Tina M. Campt. A Black Gaze: Artists Changing How We See. Cambridge, Massachusetts: The MIT Press, 2021. 232 pp.
Review by Emily Collins
24 May 2023
Black feminist and visual culture theorist Tina Campt’s recent book publication is a masterclass in methodology for the study of artistic practice and form, attentively combining autoethnography and close readings, as well as a massively critical intervention in theories of contemporary visual culture and the “gaze.” Campt is primarily concerned with the innovative and distinctive ways in which contemporary Black artists are restructuring the gaze around Black life, ways of knowing and being, into an “emergent Black gaze” that produces “radical forms of witnessing that reject traditional ways of seeing blackness only in a subordinate relation to whiteness” (p. 17). Continuing her preoccupation with sonic metaphors, poetic structures, and attunement from earlier projects, A Black Gaze disperses its inquiry across seven “verses,” each centering around multiple artworks of one or more artists, including Deana Lawson, Kahlil Joseph, Arthur Jafa, Okwui Okpokwasili, Dawoud Bey, Simone Leigh, Madeleine Hunt-Ehrlich, Luke Willis Thompson, and Jenn Nkiru. Though they range in form across photography, video art, film, and sculpture, and they explore a diverse spectrum of experiences, these artists are united by both a disorienting quality and what Campt calls their demand for labor from the viewer, a "labor of discomfort, feeling, positioning, and repositioning" that "solicits visceral responses to the visualization of Black precarity" (p. 17). This has much to do with the proliferation of Black artistic production and the widespread circulation of images across digital and social media, where Blackness is now seen but too often rendered in ways that are safe and at a distance through a “lens of pity, sympathy, or concern” (p. 7). Ultimately, this study asks us to consider, both alongside Campt’s analysis and beyond, what is at stake in the Black gaze invoked in contemporary artworks and what the visceral responses and affective labour in their viewing can stimulate and generate towards new forms of engagement with the political and social questions that they foster.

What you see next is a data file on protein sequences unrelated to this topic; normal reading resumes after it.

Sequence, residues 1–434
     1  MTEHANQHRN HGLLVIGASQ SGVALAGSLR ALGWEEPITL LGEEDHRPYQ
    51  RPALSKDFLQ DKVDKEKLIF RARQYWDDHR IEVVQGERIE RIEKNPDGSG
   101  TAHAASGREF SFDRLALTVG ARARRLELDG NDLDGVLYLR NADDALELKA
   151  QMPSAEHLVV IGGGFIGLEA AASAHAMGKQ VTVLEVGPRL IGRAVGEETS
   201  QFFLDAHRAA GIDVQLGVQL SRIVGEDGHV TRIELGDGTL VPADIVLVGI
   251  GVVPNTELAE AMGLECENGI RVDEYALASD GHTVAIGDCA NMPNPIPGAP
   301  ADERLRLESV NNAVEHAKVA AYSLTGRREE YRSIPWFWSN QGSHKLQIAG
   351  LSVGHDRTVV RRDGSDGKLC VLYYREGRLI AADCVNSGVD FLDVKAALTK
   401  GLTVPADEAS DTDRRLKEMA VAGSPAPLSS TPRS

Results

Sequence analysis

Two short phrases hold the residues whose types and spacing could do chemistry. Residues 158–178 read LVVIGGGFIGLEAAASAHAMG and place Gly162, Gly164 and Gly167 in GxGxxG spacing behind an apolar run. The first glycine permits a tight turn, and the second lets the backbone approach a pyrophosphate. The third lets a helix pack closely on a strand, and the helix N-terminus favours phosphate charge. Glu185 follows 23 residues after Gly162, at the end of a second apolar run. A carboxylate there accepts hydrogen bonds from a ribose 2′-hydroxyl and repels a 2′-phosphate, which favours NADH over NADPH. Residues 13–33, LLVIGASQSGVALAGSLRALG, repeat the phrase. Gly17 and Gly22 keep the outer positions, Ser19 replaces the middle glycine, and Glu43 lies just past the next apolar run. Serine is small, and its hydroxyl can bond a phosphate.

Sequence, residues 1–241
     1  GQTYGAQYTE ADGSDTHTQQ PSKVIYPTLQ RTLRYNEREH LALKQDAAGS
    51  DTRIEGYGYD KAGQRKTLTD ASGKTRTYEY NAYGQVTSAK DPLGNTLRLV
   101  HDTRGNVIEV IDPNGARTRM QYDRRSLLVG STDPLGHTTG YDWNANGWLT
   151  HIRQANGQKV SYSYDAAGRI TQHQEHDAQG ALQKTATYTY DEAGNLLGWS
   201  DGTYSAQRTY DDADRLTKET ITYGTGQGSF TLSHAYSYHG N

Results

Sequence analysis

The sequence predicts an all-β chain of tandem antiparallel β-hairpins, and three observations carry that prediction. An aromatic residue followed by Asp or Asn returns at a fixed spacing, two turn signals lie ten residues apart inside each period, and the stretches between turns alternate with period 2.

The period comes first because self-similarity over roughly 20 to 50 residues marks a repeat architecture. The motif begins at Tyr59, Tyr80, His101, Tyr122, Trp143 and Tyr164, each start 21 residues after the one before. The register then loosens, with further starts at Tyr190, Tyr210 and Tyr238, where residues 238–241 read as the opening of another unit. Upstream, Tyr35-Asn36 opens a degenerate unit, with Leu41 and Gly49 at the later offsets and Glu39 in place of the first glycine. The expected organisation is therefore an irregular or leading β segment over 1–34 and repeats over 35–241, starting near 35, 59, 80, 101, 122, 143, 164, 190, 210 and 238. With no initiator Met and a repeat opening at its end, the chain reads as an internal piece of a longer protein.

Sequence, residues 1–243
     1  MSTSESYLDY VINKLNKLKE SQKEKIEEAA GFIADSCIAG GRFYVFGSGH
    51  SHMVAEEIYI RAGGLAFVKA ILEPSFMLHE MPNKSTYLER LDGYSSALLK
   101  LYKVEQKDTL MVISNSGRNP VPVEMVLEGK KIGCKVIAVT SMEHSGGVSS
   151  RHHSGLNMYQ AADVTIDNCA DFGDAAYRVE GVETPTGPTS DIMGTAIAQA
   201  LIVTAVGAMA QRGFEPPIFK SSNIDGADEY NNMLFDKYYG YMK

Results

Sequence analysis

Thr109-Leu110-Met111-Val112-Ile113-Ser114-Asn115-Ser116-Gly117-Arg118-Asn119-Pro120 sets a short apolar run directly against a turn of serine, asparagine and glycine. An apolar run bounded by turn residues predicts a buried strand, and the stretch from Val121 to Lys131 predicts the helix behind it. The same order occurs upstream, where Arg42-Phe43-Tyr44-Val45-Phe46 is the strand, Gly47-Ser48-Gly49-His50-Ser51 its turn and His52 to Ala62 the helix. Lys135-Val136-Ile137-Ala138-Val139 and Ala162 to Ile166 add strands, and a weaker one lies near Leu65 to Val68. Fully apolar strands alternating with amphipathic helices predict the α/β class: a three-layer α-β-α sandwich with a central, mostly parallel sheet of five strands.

One striking formal element sprinkled through the book, demonstrating Campt’s attention to etymology and language, are insert boxes in the margins containing keyword definitions and explanations. These terms—such as weather, fabulation, gravity, frequency, movement, flow, hapticity, slowness, quiet, hum, chorus, vessel, and more—uphold crucial tenets of the argument and are conspicuously displayed to call attention to themselves and the wider histories, implications, and associations from which they emanate and entangle. Campt’s choice to highlight terms that are not typically associated with theories of the gaze and visuality articulates her rejection of traditional understandings of spectatorship and offers an opening to her own capacious thinking of and with these terms in all their multifaceted meanings and possibilities.
Rethinking the politics of the gaze becomes part of an intricate aesthetic practice that confronts an audience's expectation of passively consuming images and introduces, instead, the density, multiplicity, and entanglement of Black intimacy, poverty, excess, violence, joy, community, and care. It is precisely through the hapticity and viscerality of these images that we can begin to see ourselves implicated and through the complex positionality of Blackness rather than simply looking at Black people.